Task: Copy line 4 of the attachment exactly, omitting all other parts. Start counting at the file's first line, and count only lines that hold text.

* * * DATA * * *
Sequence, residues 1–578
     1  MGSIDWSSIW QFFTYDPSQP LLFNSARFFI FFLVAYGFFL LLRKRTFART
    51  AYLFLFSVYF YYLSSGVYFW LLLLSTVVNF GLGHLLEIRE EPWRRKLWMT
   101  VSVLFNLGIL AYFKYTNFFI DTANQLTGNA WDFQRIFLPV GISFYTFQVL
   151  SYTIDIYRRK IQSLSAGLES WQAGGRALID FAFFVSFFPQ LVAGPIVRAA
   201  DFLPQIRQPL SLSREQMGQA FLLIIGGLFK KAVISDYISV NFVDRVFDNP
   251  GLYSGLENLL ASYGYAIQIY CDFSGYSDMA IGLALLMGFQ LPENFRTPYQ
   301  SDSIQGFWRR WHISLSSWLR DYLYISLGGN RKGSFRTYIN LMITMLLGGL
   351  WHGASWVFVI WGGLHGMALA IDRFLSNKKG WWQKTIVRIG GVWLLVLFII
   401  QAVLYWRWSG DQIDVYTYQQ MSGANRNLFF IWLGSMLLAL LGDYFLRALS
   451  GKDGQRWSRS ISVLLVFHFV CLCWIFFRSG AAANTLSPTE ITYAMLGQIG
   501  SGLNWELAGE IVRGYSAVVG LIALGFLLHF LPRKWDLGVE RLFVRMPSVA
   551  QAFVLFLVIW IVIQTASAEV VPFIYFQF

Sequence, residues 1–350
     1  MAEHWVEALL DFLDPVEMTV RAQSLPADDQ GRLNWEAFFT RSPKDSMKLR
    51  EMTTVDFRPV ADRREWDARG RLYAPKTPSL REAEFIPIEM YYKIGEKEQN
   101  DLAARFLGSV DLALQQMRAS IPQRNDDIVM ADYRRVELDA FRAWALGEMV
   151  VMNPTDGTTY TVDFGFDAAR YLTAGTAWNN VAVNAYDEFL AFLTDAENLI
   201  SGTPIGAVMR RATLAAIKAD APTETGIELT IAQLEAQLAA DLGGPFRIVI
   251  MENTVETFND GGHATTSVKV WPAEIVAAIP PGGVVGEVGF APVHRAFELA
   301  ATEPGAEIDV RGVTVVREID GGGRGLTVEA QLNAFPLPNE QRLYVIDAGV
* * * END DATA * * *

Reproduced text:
   101  VSVLFNLGIL AYFKYTNFFI DTANQLTGNA WDFQRIFLPV GISFYTFQVL